The details of any specific aspect of life, then existing or later to be invented, the details of human biology and social relations, are for the most part not enumerated, because that is not the purpose of the document at all. If the government is authorized to act, then it has the power to act. How the legislature or executive branches exercise that power is discretionary. If the legislature is denied the power to act, then no matter how good or just or right or true or desirable some citizens may believe a law to be, the government is powerless to enact such a law. If it does so, then it becomes the duty of the courts to declare it null and void.

Perhaps more ominous, Lepore's statement would effectively rule out any possibility that the issues of evident concern to her may be resolved by constitutional litigation in the federal courts. IF it is true that the constitution says nothing about sex and marriage BECAUSE the Framers deliberately left them out in the belief that women didn't matter (although in truth men have a good deal to do with sex, and marriage, and reproduction), then it would take a constitutional amendment, not a well written legal brief, to make any change in this omission.

Lepore's style and framework echoes to some extent Samuel A. Marcosson's poorly conceived book, Original Sin: Clarence Thomas and the Failure of the Constitutional Conservatives. Marcosson does a decent job of debunking the more outlandish aspects of “Original Intent” as the sole basis for constitutional jurisprudence. He opens with a most amusing chapter about how Thomas might have ruled on Loving v. Virginia, since “Original Intent” would tend to support Virginia's right to enact laws against inter-racial marriage, but Thomas himself lived in Virginia with a wife who, by the laws of the state, would be considered “white,” while Thomas himself would be classified as “black.” (Mr. and Mrs. Loving, the plaintiffs who sued the state, were actually a “white” man married to a “black” woman). Where Marcosson runs lemming-like over a cliff is when he counterposes that the correct question for constitutional jurisprudence should not be “Is it original?” but “It is legitimate?”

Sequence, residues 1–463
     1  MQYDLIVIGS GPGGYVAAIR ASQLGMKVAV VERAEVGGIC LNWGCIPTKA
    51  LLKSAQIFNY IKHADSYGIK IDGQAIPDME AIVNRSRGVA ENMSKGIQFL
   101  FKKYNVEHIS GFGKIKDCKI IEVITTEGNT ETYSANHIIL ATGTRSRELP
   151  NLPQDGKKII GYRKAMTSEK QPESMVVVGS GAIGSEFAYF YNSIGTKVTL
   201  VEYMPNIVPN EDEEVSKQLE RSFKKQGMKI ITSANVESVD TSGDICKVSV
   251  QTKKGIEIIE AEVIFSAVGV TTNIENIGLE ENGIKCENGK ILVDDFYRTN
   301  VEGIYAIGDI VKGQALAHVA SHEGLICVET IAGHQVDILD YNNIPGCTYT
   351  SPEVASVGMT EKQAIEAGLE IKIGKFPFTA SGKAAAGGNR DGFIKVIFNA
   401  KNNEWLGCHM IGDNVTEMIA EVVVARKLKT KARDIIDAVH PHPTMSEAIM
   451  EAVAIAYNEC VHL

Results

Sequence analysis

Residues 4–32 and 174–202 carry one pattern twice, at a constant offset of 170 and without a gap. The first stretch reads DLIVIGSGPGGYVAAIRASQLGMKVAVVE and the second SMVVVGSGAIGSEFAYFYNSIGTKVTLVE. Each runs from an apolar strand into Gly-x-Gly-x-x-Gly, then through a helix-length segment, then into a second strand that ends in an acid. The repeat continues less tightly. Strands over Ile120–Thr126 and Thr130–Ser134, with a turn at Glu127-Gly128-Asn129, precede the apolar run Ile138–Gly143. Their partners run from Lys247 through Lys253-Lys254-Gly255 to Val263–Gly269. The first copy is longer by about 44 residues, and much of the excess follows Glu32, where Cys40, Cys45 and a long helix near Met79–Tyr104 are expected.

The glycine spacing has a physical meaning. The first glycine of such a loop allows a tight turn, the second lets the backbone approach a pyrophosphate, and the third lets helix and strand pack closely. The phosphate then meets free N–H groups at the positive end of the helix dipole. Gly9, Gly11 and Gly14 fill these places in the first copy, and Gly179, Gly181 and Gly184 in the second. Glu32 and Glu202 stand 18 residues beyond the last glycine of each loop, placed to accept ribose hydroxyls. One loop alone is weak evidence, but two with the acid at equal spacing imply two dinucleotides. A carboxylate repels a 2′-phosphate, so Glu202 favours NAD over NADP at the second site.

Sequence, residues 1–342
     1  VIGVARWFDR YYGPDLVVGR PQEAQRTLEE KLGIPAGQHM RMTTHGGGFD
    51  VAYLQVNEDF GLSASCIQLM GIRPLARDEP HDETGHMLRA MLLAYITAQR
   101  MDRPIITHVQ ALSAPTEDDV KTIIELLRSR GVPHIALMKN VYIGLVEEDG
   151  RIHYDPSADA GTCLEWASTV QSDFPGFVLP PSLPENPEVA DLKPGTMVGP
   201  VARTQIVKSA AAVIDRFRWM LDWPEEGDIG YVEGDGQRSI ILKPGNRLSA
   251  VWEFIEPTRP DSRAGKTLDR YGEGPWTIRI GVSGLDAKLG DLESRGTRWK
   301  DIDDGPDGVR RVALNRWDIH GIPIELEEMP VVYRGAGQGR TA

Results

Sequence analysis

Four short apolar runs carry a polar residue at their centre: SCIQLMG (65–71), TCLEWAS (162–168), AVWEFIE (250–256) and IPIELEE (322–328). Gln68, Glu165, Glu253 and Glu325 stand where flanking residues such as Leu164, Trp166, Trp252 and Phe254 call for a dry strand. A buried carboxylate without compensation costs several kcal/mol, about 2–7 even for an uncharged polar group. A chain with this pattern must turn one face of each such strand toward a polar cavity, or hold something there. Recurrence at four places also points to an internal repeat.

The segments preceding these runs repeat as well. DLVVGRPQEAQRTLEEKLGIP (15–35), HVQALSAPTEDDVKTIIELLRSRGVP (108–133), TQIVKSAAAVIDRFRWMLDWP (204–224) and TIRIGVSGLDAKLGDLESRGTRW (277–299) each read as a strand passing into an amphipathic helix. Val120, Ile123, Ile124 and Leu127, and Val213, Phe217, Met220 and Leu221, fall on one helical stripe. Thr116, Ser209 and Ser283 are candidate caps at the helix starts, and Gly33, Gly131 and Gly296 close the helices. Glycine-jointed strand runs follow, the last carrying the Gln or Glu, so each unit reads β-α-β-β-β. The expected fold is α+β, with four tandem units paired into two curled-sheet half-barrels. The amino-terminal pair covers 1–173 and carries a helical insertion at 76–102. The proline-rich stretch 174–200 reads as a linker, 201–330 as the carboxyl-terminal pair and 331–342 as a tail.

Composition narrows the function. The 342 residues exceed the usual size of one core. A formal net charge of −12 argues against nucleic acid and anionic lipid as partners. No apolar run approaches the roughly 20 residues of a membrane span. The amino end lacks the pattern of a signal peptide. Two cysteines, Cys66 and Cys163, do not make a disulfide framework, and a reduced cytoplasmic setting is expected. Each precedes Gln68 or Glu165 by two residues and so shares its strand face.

The term “legitimate” is so elastic, and is so capable of different and even opposite understandings in the mind of each beholder, that as a standard for expounding a constitution it is no standard at all. It is merely a license to do whatever any given sitting judge believes to be good and right. There is a reasons courts rely on precedent. The citation of precedents can become a tangled mess, but at least they provide some semblance that federal district courts will apply the same law, the same way, to similar sets of facts, all over the country. When new issues come up, of course, district court rulings are all over the map, which is why appellate courts, and the Supreme Court, set binding precedents that will insure uniformity in the future.

Questions were raised after the Affordable Care Act was passed, asking where in the constitution it says that congress can require an individual to buy health insurance. That is a legitimate question – legitimate in the sense that ANY exercise of power by congress MUST be granted by the constitution. All other powers are denied to congress by Amendment X. But the answer is quite simple. Congress has explicit power to regulate interstate commerce. For better or for worse, the delivery of medical care is almost entirely interstate commerce now. If it was about Doc Jones coming out of his apple orchard, saddling up his horse, and riding down the road because Sally just ran over to say that Ma was having her baby, congress would have no jurisdiction at all.

The same is true of setting a federal minimum wage. At the time the constitution was written, almost all commerce was in fact intrastate. Thus, congress had no power to enact such a law. By the dawn of the 20th century, virtually all commerce was in fact interstate, or international. The constitutional powers of congress didn't change, but the fraction of economic activity that fell within the jurisdiction of congress to regulate had grown enormously.

“Essentially, the Constitution is inadequate” Lepore insists. That is an assertion unsupported by facts, but if true, recourse through the courts is closed, so her entire argument would be a nullity, rather than merely wrong.